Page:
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Genetics Partially Explain How People Respond to Oxycodone

Addiction-related behaviors from oxycodone could be due to the protein, RGS9-2.

It’s no secret that prescription painkillers can be highly addictive, but there may be a partial biologic reason for it.

Previous studies have determined that the signaling protein, RGS9-2, plays an imperative role in the brain that leads to addiction-related behaviors. But according to researchers from Icahn School of Medicine at Mount Sinai in New York, New York, the protein does more than that when it comes to the painkiller oxycodone (Oxycontin/Purdue Pharma).

Using mice, the team found that RGS9-2 modulates the oxycodone reward while patients are and are not in pain. When an animal did not have the gene, RGS9KO, which encodes RGS9-2, they had less of a natural tendency for addiction-related behaviors. However, lacking the gene did not impact the analgesic effects of the drug.

Oxycodone works in the areas of the brain for pain relief as well as addiction—which are the same brain receptors where morphine and heroin work. The researchers have shown that RGS9-2 promote the development of morphine tolerance and negatively impacts its analgesic effects. This isn’t the case for all opioids, it actually has the opposite effect by positively impacting the pain relief effects of fentanyl and methadone.

“Although oxycodone produces similar analgesic and behavioral effects to those observed with morphine, our study demonstrates that the intracellular actions of morphine and oxycodone are distinct,” Venetia Zachariou, PhD, associate professor in the Fishberg Department of Neuroscience and The Friedman Brain Institute at Mount Sinai, said in a news release.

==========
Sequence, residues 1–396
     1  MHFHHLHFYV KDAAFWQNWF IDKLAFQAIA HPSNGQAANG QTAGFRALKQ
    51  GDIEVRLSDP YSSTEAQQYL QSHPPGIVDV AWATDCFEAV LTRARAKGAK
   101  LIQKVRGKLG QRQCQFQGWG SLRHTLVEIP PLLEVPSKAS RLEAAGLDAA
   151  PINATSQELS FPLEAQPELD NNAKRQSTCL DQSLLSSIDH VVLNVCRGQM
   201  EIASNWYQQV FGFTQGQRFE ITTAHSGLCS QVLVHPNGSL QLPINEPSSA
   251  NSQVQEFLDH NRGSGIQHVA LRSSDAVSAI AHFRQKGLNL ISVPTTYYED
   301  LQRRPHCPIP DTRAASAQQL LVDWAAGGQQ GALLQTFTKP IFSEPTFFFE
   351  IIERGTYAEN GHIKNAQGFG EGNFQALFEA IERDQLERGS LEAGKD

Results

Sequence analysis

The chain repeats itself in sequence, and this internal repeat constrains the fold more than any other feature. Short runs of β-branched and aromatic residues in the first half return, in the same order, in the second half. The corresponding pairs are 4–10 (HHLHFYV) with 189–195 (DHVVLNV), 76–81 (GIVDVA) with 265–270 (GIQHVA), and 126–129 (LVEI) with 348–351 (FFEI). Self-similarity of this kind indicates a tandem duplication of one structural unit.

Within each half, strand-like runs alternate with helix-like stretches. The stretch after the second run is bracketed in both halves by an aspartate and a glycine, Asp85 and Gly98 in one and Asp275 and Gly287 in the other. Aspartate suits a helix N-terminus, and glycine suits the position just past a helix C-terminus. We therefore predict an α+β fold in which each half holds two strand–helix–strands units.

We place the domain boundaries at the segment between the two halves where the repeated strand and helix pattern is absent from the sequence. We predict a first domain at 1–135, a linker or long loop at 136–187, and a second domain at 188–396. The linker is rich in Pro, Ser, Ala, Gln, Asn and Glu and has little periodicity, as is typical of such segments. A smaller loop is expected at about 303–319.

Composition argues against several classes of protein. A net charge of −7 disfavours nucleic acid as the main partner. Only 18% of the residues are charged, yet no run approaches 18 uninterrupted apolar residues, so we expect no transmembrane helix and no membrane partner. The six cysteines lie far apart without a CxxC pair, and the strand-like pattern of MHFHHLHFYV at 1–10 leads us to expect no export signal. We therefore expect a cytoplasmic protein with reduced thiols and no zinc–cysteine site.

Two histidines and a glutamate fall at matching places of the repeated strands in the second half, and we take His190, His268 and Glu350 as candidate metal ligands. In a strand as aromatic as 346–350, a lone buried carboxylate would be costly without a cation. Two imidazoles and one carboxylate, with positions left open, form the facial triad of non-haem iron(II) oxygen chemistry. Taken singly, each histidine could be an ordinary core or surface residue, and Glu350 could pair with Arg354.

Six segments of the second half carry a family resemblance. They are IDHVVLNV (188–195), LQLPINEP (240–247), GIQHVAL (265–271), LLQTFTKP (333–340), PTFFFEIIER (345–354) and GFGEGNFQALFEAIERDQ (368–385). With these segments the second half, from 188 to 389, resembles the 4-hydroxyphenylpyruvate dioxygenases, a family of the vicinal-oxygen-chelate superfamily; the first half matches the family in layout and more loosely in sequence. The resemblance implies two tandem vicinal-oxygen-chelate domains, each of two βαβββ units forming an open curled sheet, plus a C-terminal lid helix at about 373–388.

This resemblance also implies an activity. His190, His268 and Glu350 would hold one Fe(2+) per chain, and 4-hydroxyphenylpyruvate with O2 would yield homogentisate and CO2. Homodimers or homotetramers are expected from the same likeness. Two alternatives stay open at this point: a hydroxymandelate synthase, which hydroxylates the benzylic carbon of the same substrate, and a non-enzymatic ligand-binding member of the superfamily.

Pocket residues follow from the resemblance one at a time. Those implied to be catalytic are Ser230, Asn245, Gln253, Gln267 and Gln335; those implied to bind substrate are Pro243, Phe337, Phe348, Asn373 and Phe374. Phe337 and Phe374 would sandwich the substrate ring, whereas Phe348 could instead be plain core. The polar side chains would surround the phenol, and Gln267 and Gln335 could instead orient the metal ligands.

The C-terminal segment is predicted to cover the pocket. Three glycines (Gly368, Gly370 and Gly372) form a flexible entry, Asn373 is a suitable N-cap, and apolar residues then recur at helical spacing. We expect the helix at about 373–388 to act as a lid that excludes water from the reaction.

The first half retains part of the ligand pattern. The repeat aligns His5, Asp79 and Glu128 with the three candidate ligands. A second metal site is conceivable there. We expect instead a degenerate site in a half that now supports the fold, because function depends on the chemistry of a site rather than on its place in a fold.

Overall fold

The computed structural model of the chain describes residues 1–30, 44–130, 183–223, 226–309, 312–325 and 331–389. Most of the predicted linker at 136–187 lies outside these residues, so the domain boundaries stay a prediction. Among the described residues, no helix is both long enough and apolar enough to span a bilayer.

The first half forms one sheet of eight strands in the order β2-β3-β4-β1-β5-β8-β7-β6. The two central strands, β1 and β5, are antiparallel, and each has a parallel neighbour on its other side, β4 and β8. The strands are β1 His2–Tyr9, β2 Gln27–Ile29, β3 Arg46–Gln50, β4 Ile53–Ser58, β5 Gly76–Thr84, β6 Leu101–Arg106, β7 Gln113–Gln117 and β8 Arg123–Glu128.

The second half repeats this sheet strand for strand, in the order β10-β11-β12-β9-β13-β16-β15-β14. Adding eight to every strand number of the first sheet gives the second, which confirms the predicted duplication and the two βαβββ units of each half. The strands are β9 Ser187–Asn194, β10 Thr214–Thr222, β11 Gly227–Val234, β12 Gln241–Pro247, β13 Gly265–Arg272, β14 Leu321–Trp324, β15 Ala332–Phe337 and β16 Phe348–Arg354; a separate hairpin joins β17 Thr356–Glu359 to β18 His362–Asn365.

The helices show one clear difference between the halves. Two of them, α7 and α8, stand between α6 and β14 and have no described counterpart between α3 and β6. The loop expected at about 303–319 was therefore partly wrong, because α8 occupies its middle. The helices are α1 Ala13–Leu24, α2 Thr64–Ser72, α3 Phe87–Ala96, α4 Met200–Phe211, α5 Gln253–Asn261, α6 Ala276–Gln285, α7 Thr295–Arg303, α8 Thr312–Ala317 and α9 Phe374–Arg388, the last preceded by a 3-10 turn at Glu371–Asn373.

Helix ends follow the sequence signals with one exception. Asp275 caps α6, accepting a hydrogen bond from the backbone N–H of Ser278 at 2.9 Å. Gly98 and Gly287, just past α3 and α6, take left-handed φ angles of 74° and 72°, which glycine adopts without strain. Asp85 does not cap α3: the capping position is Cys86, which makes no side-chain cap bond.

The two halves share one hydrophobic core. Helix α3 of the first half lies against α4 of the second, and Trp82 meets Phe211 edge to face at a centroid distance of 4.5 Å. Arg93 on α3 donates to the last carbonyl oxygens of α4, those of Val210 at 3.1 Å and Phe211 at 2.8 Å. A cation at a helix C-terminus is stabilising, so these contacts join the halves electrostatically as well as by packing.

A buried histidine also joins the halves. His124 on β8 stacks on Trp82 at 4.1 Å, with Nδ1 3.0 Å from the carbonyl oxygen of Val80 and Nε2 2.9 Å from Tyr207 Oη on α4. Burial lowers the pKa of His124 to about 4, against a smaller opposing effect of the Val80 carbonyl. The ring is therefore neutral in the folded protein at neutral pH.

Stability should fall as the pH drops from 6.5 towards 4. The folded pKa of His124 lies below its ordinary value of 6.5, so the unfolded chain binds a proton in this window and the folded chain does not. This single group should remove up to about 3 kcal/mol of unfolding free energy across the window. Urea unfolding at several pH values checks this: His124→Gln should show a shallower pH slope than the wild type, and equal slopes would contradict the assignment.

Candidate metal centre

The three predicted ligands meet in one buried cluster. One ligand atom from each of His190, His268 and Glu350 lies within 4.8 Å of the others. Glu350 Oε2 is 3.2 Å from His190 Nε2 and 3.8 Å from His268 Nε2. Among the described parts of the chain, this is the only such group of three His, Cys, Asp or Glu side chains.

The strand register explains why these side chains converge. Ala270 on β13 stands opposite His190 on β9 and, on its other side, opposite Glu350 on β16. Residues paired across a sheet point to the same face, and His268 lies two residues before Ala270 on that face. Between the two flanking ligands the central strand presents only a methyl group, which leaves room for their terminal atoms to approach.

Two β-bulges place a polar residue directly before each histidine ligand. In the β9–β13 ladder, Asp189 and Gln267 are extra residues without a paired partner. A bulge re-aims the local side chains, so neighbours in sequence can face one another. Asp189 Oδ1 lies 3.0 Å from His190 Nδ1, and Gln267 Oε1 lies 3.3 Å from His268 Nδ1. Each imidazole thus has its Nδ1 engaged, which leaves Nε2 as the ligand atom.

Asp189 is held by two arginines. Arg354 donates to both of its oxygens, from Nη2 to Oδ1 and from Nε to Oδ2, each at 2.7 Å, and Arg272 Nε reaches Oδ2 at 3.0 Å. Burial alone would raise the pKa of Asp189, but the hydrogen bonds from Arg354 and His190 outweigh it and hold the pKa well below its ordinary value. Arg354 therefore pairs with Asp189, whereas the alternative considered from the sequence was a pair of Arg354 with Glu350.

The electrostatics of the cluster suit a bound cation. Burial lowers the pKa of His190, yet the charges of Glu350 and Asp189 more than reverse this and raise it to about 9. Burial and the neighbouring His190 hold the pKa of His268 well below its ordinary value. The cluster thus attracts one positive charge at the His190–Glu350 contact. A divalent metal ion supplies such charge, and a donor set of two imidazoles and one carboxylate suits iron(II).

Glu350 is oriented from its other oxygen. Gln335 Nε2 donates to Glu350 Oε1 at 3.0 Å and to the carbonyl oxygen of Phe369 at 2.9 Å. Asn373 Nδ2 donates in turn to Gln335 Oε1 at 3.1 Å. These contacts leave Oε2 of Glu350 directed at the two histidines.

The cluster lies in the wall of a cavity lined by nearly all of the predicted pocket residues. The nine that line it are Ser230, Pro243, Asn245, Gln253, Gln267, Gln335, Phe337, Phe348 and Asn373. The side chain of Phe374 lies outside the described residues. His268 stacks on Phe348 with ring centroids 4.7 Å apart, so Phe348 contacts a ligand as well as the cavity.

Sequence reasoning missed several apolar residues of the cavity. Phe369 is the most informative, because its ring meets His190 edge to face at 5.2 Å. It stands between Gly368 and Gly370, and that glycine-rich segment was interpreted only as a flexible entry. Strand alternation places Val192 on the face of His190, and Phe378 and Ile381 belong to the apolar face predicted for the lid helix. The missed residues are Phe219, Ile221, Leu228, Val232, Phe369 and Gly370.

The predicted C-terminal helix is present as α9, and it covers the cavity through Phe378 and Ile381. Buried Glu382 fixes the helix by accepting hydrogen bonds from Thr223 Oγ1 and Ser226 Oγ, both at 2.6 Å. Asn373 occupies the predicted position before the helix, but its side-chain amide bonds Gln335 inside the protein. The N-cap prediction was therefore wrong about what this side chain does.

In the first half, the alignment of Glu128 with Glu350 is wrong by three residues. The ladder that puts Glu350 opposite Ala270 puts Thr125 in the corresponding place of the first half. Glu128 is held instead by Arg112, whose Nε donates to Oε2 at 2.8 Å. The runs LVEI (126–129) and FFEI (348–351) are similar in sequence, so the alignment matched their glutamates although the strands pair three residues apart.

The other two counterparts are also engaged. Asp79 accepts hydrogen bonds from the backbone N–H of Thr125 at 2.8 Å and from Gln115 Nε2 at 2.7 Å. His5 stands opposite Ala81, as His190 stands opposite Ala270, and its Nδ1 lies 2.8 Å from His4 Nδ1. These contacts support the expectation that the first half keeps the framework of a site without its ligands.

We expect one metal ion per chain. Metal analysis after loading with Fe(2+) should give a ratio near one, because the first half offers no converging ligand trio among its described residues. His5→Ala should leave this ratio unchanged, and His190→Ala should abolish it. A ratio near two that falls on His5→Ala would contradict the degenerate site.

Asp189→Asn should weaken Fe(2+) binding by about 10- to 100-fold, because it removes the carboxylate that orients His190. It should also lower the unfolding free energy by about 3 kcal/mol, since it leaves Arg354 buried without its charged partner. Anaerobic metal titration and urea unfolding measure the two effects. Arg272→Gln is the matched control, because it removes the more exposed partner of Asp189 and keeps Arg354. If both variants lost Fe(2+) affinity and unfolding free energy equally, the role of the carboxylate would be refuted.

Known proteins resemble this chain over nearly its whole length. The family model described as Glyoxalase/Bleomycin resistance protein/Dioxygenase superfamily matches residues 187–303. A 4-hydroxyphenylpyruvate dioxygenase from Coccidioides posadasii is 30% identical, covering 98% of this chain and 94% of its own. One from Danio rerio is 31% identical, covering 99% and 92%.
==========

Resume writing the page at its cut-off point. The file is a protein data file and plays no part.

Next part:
The team also found that mice without the RGS9KO gene became tolerant to the analgesic effects of oxycodone sooner than mice who had the gene. This indicates that the protein helps stop that from happening. Not only that, but it appears that the mechanisms control sensitivity oxycodone addiction no matter if patients are in a pain-free or chronic pain state.

“Our work reveals that intracellular factors that prevent the actions of morphine may actually promote the actions of oxycodone. This information is particularly important for pain management strategies, as a common course is to have patients oscillate between oxycodone and morphine to achieve pain relief,” Zachariou said.

The hope with this newfound information will help healthcare providers weigh the benefits and risks of oxycodone for each patient based on the likelihood of developing addiction-related behaviors. This can also help researchers develop novel therapeutic medications based on this pathway.

The study, “RGS9-2 Modulates Responses to Oxycodone in Pain-Free and Chronic Pain States,” was published in Neuropsychopharmacology. The news release was provided by Mount Sinai Hospital.

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